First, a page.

In October 2011, the Waikato Regional Council voted 14–2 to establish two Māori seats in preparation for the 2013 local body elections.[51] A poll was not demanded and the constituencies were established.

In 2014, the Mayor of New Plymouth Andrew Judd proposed introducing a Māori ward in the New Plymouth District Council. The council resolved to do so, but was defeated in a 2015 referendum by a margin of 83% to 17%. The backlash Judd experienced was an influence on his decision not not to run for a second term during the 2016 local body elections.[52][53] In April 2016, Flavell, now a Māori Party co-leader, presented a petition to the New Zealand Parliament on behalf of Judd that advocated (as Flavell had done previously) the establishment of mandatory Māori wards on every district council in New Zealand.[54] In June 2017, a private members' bill in the name of Marama Davidson sought to remove the poll provision, but was defeated during its first reading.[55][56]

A poll on establishing Māori wards at Wairoa District Council was held alongside that council's October 2016 triennial election and was successful: elections for three Māori seats at that council were held in October 2019.[57] Following this result, five territorial authorities (Palmerston North City Council, Kaikōura District Council, Whakatāne District Council, Manawatu District Council, and Western Bay of Plenty District Council) approved, in separate decisions over late 2017, to introduce Māori wards for the 2019 local elections.[58][59][60][61][62] In response, the lobby group Hobson's Pledge (fronted by former National Party and ACT New Zealand leader Don Brash) organised several petitions calling for local referendums on the matter of introducing Māori wards and constituencies, taking advantage of the poll provision.[63][64] These polls were granted and held in early 2018.[65][66][67] Each poll failed; Māori wards were rejected by voters in Palmerston North (68.8%), Western Bay of Plenty (78.2%), Whakatāne (56.4%), Manawatu (77%), and Kaikōura (55%) on 19 May 2018. The average voter turnout in those polls was about 40%.[68][69][70][71]

The rejection of Māori wards was welcomed by Brash and conservative broadcaster Mike Hosking.[72][73] By contrast, the referendum results were met with dismay by Whakatāne Mayor Tony Bonne and several Māori leaders including Labour MPs Willie Jackson and Tāmati Coffey, former Māori Party co-leader Te Ururoa Flavell, Bay of Plenty resident and activist Toni Boynton, and left-wing advocacy group ActionStation national director Laura O'Connell Rapira.[71][74][75] In response, ActionStation organised a petition calling on the Minister of Local Government, Nanaia Mahuta, to change the law so that establishing a Māori ward uses the same process as establishing a general ward (general wards are not subject to the poll provision, but have a different appeals process through the Local Government Commission).[76] The Labour Party has supported changes to the laws regarding Māori wards and constituencies; two bills were introduced by backbench Labour MP Rino Tirikatene in 2019 (the first a local bill seeking permanent representation for Ngāi Tahu on the Canterbury Regional Council; the second a member's bill to ensure that the repeal of legislation establishing Māori seats in Parliament must be subject to a 75% supermajority of Parliament), but both failed.[77][78]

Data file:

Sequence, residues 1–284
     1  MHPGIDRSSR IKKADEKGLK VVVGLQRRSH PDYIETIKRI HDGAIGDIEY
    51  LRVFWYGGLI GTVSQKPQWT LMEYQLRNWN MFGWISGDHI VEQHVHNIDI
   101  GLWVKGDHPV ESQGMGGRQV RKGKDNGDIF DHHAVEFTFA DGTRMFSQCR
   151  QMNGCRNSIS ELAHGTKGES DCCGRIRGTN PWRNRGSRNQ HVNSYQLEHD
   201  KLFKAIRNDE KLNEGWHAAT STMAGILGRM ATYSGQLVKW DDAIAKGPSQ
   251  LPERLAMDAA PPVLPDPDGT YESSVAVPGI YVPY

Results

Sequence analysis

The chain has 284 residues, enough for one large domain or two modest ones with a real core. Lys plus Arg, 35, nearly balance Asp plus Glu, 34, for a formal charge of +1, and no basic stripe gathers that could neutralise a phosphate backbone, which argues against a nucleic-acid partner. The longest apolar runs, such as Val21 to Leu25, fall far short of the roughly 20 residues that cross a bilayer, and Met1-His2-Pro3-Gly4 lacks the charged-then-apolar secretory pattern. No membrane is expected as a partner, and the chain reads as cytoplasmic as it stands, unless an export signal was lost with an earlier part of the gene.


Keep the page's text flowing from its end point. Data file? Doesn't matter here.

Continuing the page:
Seven territorial authorities have determined to establish Māori wards ahead of the 2022 local elections (Whangarei District Council, Kaipara District Council, Northland Regional Council, Tauranga City Council, Ruapehu District Council, New Plymouth District Council, and South Taranaki District Council).[79][80][81][82][83][84] While polls for some of those districts have been signalled,[85][86] Mahuta has stated that removing the poll provision is "on her list" for the Sixth Labour Government's second term.[80][87][88]

Legislative entrenchment[edit]

On 1 February 2021, Minister of Local Government Nanaia Mahuta announced that the Government would establish a new law upholding local council decisions to establish Māori wards. This new law would also abolish an existing law allowing local referendums to veto decisions by councils to establish Māori wards. This law would come into effect before the scheduled 2022 local body elections.[89][90] On 25 February, Mahuta's Local Electoral (Māori Wards and Māori Constituencies) Amendment Act 2021, which eliminates mechanisms for holding referenda on the establishment of Māori wards and constituencies on local bodies, passed its third reading in Parliament with the support of the Labour, Green and Māori parties. The bill was unsuccessfully opposed by the National and ACT parties, with the former mounting a twelve hour filibuster challenging all of the Bill's ten clauses.[91][92]

See also[edit]